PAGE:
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Kees van Overveld From light to Enlightenment The physical layer origin and nature of light light as particles light as waves light as energy the illumination.

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Presentation on theme: "Kees van Overveld From light to Enlightenment The physical layer origin and nature of light light as particles light as waves light as energy the illumination."— Presentation transcript:

1 Kees van Overveld From light to Enlightenment The physical layer origin and nature of light light as particles light as waves light as energy the illumination equation absorption and scattering; color perspective the spatial behavior of light refraction and lenses the perspective projection summary -1-

2 Kees van Overveld From light to Enlightenment – the physic of light Radiation of 'black(=non-reflecting)' body: a continuous distribution of energy over, only depending on the temperature of the body occupied states electron in excited state available states electron falls back to lower energy state; energy surplus  E is emitted as light with wavelength =hc/  E origin and nature of light -2- Energy transitions in atoms between discrete electron states cause light-quanta (photons) with distinct

3 Kees van Overveld ii riri d2Sd2S uu ll b v d2Rd2R retina plane pupil plane optical axis P the illumination equation -3- From light to Enlightenment – the physic of light

4 Kees van Overveld ii riri d2Sd2S uu ll b v d2Rd2R retina plane pupil plane optical axis P the illumination equation d 2 E retina =  P cos  i cos 4  l A P d 2 R / 32  3 r i 2 b 2 cos  u -4- From light to Enlightenment – the physic of light

5 Kees van Overveld perceived light intensity: proportional to cos 4  l : at 45 degrees, mere 25% left interpretation of  : difference between dull and shiny (among other things) proportional to  i : plasticity  interpreted as relief the case where  u =  i : full moon proportional to 1/cos  u : bright silhouettes no v-dependency r – dependency: clair obscur or impressionism the role of the pupil size, A P no symmetry between source and detector properties of the illumination equation -5- From light to Enlightenment – the physic of light

6 Kees van Overveld proportional to cos 4  l difficult to get uniform sensitivity for wide viewing angles (fish-eye lenses; endoscopes) -6- From light to Enlightenment – the physic of light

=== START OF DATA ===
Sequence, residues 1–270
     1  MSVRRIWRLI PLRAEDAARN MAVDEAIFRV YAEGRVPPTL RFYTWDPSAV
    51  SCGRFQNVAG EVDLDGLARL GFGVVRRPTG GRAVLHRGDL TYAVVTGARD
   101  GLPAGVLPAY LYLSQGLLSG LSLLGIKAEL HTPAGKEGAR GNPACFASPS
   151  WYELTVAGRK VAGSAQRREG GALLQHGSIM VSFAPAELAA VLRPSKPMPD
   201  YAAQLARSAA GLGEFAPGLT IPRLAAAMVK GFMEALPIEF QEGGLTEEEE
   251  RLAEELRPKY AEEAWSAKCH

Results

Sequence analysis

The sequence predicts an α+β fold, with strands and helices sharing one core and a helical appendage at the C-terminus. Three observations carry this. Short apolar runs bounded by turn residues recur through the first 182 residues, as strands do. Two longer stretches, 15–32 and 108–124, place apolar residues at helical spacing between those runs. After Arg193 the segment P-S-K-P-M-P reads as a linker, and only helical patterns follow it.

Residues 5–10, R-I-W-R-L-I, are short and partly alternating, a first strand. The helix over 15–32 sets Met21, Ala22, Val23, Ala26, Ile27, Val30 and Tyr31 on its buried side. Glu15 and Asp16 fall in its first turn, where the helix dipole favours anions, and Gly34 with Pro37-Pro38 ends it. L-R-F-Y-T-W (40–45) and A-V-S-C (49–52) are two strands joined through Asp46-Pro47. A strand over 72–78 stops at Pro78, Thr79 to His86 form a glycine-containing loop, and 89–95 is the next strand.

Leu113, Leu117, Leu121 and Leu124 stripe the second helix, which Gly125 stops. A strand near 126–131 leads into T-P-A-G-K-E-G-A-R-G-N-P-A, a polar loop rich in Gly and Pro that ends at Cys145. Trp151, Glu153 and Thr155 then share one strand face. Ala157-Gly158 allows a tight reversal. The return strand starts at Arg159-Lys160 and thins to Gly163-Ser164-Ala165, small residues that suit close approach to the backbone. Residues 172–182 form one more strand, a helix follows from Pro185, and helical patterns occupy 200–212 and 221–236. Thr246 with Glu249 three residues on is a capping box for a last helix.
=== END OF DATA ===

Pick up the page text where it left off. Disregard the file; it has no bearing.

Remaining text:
7 Kees van Overveld interpretation of  simple empiric bahavior of  (Phong-shading: computer graphics (1973))  =    =cos(angle between normal vector and halfway-direction) halfway-direction = direction between incoming and reflected ray  =1 :  i =  u (condition for symmetrical reflection)  <1 :  i  u (condition for symmetrical condition doesn't hold)  = 0: dull (Lambert surface)  =  : perfect (Snellius) mirror -7- From light to Enlightenment – the physic of light

8 Kees van Overveld interpretation of  -8-  may not only depend on the angle between incoming and outging light ray and the surface normal, but also on their directions: anisotropic reflection color differences in a surface are often caused by varying spectral dependencies of  local variations in shininess are caused by the behavior of  in dependence of reflection angles demo From light to Enlightenment – the physic of light

9 Kees van Overveld proportional to  i if possible, the HVS gives an interpretation to brightness differences in terms of variations of  i, and hence as relief (height modulations) -9- From light to Enlightenment – the physic of light

10 Kees van Overveld the case where  u =  i in every point of the full moon, the viewing direction and the direction of the incoming rays are (almost) equal. A Lambertian-surface then gives uniform brightness From light to Enlightenment – the physic of light

11 Kees van Overveld proportional to 1/cos  u there are brighter zones near silhouettes of shiny surfaces. Difficult to perceive: high shinyness: reflection of the surrounding world interferes low shinyness:  (  u ) is close to zero near the silhouette -11- From light to Enlightenment – the physic of light

12 Kees van Overveld dependency of 1/r A single point source: light field is dominated by 1/r 2 behavior: dramatic clair-obscur, characteristic of 17th centure indoor scenes (Rembrandt, Caravaggio). Homogenous distribution of point sources (e.g. due to atmospheric scattering): outdoor light gives no clair obscur. Characteristic of many impressionistic landscapes. From light to Enlightenment – the physic of light

13 Kees van Overveld no dependency of 1/v if the illumination equation would behave symmetrically in r and v, remote surfaces would appear darker remote and nearby surfaces with equal  and equal orientation w.r.t. light source, however, apear equally bright From light to Enlightenment – the physic of light

14 Kees van Overveld the size of the pupil -14- small pupil: lower intensity higher aquity sharp over large depth range large pupil: higher intensity lower aquity sharpness drops sharply over limited depth range From light to Enlightenment – the physic of light

15 Kees van Overveld absorption and scattering Absorption: if a layer of thickness h absorbs a fraction K (K=K( ); K<1) of the light intensity, intensity becomes a function of propagation distance x: L (x)= L 0 exp (-Kx/h) Scattering: Einstein gave a derivation of the empirical Tyndall formula:: L scatterred ( ) = L From light to Enlightenment – the physic of light

16 Kees van Overveld absorption and scattering -16- From light to Enlightenment – the physic of light

17 Kees van Overveld absorption and scattering -17- Leonardo da Vinci’s ‘The virgin on the rocks' is an early example of the deliberate use of atmospheric perspective in pictorial art From light to Enlightenment – the physic of light